President Barack Obama urged Republican leaders to compromise on their opposition to tax increases and achieve "the largest possible deal" to cut the federal budget deficit.
Obama said he won't agree to a short-term extension of the government's debt limit and plans to continue meeting with members of Congress every day until an agreement is reached.
"I will not sign a 30-day or a 60-day or a 90-day extension — that is not just not an acceptable approach," Obama told a White House news conference before resuming talks Monday afternoon with bipartisan congressional leaders toward a compromise on reducing deficits and raising the $14.3 trillion federal debt ceiling before the government exhausts its borrowing authority on Aug. 2.
"Now is the time to deal with these issues," Obama said. "If not now, when?"
As the 2012 election gets closer, partisan differences will only grow harder to resolve, he said. "We might as well do it now — pull off the Band-Aid, eat our peas."
House Majority Leader Eric Cantor said Republicans "didn't come here to raise taxes," saying any agreement "has got to be revenue-neutral" and not increase the government's income.
No Tax Increases
"Barack Obama wants to raise taxes, and Republicans don't," Cantor of Virginia told reporters in Washington after Obama spoke.
Obama called on Republican leaders to show flexibility, saying he has "bent over backwards" to accommodate the other party in deficit talks.
"I'm prepared to take on significant heat from my party to get something done, and I expect the other side should be willing to do the same thing, if they mean what they say," Obama said.
He chided Republican leaders for focusing on a smaller package of cuts than the goal Obama has set of trimming $4 trillion from the deficit, saying their posture doesn't square with Republican rhetoric that casts debt reduction as "a moral imperative."
If changes to Social Security are included in a bipartisan deal, Obama said they should only be aimed at strengthening the retirement system rather than reducing the deficit.
"Social Security, if it is part of a package, would be an issue of, how do we make sure Social Security extends its life and is strengthened?" Obama said. The reason to address the retirement system for the elderly during current bipartisan talks, Obama said, is that "if you're going to take a bunch of tough votes, you might as well do it now."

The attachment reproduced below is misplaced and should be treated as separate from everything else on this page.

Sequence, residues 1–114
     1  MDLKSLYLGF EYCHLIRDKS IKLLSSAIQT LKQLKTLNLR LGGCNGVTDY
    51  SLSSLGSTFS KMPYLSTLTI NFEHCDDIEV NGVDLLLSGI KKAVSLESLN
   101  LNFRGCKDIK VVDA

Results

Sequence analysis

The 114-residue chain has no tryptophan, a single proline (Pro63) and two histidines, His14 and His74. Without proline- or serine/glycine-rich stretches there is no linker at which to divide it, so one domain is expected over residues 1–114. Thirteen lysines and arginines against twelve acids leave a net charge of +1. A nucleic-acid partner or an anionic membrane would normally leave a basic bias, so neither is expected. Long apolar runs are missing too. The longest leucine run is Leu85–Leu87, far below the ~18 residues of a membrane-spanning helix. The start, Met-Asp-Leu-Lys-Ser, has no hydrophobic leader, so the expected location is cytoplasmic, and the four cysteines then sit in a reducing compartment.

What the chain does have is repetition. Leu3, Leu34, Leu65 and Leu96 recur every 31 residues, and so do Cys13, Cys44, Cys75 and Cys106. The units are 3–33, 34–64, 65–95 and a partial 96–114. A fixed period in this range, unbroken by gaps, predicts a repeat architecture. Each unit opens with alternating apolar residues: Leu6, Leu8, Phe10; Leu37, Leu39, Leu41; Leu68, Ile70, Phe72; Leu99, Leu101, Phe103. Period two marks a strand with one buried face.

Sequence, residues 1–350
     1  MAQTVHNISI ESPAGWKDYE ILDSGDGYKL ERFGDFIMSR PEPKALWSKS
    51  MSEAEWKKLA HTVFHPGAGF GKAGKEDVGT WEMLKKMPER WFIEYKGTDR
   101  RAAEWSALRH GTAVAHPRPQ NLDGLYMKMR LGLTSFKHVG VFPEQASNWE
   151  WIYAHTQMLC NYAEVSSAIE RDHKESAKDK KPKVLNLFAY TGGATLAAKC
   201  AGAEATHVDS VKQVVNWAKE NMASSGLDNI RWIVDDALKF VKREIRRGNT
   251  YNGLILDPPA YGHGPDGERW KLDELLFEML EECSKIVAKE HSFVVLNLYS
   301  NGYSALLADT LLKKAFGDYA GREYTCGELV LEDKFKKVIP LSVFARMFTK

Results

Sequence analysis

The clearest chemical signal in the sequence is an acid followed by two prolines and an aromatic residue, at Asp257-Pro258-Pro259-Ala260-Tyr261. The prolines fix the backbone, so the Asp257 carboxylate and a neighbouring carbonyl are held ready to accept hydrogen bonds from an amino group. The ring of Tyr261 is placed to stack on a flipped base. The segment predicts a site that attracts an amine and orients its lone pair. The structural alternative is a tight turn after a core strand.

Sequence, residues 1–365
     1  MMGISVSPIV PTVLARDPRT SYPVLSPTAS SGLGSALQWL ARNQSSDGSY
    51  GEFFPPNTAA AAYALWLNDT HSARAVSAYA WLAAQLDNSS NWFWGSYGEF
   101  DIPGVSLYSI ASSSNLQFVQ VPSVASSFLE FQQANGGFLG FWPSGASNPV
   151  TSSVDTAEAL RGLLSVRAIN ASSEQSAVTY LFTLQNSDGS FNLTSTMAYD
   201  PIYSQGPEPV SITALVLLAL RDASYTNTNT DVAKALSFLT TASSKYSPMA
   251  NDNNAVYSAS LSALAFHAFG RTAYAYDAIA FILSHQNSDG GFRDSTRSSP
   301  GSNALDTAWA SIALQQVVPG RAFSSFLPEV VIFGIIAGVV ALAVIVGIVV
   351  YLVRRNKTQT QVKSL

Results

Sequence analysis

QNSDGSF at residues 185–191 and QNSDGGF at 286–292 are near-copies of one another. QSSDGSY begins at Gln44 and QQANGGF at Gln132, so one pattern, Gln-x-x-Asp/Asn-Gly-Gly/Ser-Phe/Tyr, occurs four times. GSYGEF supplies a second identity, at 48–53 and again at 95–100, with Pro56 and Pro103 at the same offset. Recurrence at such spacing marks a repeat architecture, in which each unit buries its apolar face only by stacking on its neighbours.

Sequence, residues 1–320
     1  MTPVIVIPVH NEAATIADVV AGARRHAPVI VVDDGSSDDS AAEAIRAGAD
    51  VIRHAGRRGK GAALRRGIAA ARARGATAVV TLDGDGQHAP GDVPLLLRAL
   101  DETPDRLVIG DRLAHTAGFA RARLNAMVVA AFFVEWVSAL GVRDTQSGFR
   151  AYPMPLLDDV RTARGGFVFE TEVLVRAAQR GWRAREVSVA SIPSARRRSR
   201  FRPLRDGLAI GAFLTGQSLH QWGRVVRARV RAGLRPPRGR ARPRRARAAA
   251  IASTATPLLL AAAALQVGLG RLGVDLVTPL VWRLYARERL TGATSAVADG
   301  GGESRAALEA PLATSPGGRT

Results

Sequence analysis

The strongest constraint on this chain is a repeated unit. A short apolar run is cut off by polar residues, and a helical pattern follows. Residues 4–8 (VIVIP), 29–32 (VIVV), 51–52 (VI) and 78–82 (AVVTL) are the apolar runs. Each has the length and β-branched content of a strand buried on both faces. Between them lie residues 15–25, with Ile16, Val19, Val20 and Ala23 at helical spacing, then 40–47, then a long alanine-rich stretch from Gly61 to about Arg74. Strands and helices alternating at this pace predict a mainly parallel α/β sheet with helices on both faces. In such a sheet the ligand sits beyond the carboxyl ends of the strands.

The president said an agreement on spending won't be enough by itself to get unemployment back to pre-recession levels, yet would have a "positive impact" on growth and employment.
Obama and congressional leaders made little progress in talks Sunday night, a day after House Speaker John Boehner said all sides must settle for a smaller plan. Obama said he appreciates Boehner's "good-faith efforts" to negotiate toward a significant deal, and called on Republicans to bring a proposal that can pass Congress.
The parties are divided over taxes and entitlements. Republicans have rejected Democrats' calls for more tax revenue and instead are pressing to cut entitlement programs such as Medicare and Social Security.
Taxes versus entitlements
Democrats say even the Republicans' proposal for a smaller deficit-cutting plan must include more taxes from higher-income Americans. Obama has said he is willing to cut entitlements in exchange for a Republican agreement to increase taxes.
The benchmark Standard & Poor's 500 Index dropped 1.75 percent to 1,320.27 at 1:15 p.m. Monday in New York. The Dow Jones Industrial Average fell 1.26 percent to 12,497.63.
Treasury 10-year yields slid to the lowest level this month, dropping eight basis points, or 0.08 percentage point, to 2.95 percent at 12:41 p.m. in New York, according to Bloomberg Bond Trader prices.
The White House isn't seeking any tax increase before 2013, Obama said. The tax increases he is seeking would target "millionaires and billionaires" and "corporate loopholes," he said.
Democratic officials have said Obama is aiming at tax breaks for corporate jets, oil and gas subsidies, carried- interest income of hedge fund managers and "last-in, first- out" inventory accounting.
'Baffling' tax increases
Don Stewart, a spokesman for Senate Minority Leader Mitch McConnell of Kentucky, underscored Republicans' opposition to any tax increases, in a statement after Sunday night's meeting.
"It's baffling that the president and his party continue to insist on massive tax hikes in the middle of a jobs crisis while refusing to take significant action on spending reductions at a time of record deficits," Stewart said.
On July 9, Boehner, an Ohio Republican, said following a phone conversation with Obama that, amid the stalemate over taxes, all sides must settle for a smaller plan than the president seeks. Before yesterday's White House meeting, Obama said "we need to" reach an agreement within the next 10 days.
During the meeting, Obama said he believed a bigger deal might be politically easier, with both sides making philosophically difficult concessions, said a Democrat familiar with the discussions. The president asked Republicans to return Moday with details of their proposal, including numbers, the person said.
Beyond 2012 election
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Boehner and the president had both been aiming for a larger compromise that would extend the debt ceiling through the next election in 2012. House and Senate Republicans are insisting that spending cuts exceed any increase in the debt ceiling.
Republicans including Cantor, a participant in previous bipartisan debt talks led by Vice President Joe Biden, say that group had identified between $2 trillion and $2.5 trillion in spending cuts that could serve as a framework for an agreement between Obama and congressional leaders.
Democrats, including Maryland Representative Chris Van Hollen, who participated in the Biden effort, say Democrats never agreed to that amount without new revenue in the mix.